We are celebrating our 75th anniversary as British Council in the Netherlands in 2020-21 by sharing 75 personal stories from people who have a special connection to both the UK and the Netherlands. Read the 75 NL-UK stories and join us in celebrating our 75th anniversary. Watch the personal story from Marleen Geertsma and expand the boxes below to read the full stories by Branwen Spence and Mathilde Bosma. New stories will be added in the months to come.

Branwen Spence

The Bridge

I wasn’t meant to come to here, the Netherlands. I was on my way to Saudi, as a nurse, for big bucks and sunshine. But a stop-over in Amsterdam and a wander on Bloemgracht woke me up like a slap in the face. Many years later I’m a teacher with a son – big bucks? No. Sunshine? yes.

On that Jordaan flowered bridge, I saw dreams coming true in this enchanting, quirky village-city with it’s magic within reach. And coming from wild and hilly Wales I was right away at home. Both places magical. Both weathers the same. Both landscapes stunning; one flat, one undulating. Both densely-populated; one with people, one with sheep. Both people efficient with words, and upfront. Both very much my home.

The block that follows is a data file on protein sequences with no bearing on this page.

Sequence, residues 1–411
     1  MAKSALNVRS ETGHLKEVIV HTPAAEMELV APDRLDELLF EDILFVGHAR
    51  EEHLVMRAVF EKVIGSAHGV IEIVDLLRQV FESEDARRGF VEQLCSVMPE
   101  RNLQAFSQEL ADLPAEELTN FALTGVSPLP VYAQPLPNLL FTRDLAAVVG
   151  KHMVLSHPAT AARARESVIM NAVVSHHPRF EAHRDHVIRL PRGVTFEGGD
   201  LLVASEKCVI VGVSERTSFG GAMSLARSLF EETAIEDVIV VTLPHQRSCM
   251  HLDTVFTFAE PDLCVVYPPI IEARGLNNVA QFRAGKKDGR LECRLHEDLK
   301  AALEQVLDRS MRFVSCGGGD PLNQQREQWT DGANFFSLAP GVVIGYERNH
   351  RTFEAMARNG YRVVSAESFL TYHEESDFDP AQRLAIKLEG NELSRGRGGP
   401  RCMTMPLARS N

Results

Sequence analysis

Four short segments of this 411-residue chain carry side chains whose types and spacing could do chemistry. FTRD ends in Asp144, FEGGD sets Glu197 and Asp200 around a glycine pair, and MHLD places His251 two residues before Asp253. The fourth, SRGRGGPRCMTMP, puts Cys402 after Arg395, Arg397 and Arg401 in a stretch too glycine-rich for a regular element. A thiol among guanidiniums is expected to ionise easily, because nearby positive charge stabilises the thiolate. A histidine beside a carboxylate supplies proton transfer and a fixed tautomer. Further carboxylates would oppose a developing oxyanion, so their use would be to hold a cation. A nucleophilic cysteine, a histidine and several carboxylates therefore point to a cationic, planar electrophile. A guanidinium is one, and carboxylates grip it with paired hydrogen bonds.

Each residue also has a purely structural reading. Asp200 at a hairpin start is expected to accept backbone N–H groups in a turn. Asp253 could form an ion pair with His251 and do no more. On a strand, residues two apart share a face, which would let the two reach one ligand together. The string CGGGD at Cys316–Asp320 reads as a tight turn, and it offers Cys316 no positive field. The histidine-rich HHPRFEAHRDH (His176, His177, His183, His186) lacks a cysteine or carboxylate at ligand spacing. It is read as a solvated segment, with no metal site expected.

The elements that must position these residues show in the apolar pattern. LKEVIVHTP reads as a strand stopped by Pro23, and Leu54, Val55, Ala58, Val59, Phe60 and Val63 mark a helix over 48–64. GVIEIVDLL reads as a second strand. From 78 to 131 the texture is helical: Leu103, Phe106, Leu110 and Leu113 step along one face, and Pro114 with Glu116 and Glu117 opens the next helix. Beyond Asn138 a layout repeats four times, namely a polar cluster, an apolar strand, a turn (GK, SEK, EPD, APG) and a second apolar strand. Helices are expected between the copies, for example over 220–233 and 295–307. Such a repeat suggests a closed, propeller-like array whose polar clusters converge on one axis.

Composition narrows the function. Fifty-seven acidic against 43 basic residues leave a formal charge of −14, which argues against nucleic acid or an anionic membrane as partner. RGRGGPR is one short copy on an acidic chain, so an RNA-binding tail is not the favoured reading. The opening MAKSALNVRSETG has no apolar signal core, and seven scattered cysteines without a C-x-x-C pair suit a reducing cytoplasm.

The dreams I had on that bridge?

1.    to go from nursing into teaching, which came true.
2.    to become a mother, which came true.
3.    to get to 100, which, if I do, will mean I’ll have lived here in the Netherlands for 75 years!!! Fingers crossed!!

Branwen Spence

Mathilde Bosma

Many happy memories come to mind when I think back to my time studying at the University of Birmingham five years ago. The stunning red brick university buildings, especially during autumn. Of the one-pound national express bus deals; they allowed me to view Bristol’s finest street art, go punting in Cambridge and enjoy  high tea in Oxford. Memories of the unique British pub culture. A place that brings together people of all ages, that offers affordable local food and where you can feel all hot and flustered in a Christmas sweater during holiday season.

Some things took time getting used to. Like having to wear five sweaters at home to avoid skyrocketing electricity bills. Beers double the size the ones back home and a considerably higher average drinking speed. Figuring out how to crack jokes without being too direct or offensive.

But soon enough I felt at home. I had an amazing group of international friends. University life was exciting. There were societies I could join ranging from the Harry Potter society to the hummus society. The diverse background of our teachers and my fellow students made it a really interesting study environment. And procrastination was not an issue with the library being open at all times during exam period.

I never got used to partying in short skirts or high heels, or wearing no jacket during winter, but I’ll always have friends across the globe and a terrible British accent.

Mathilde Bosma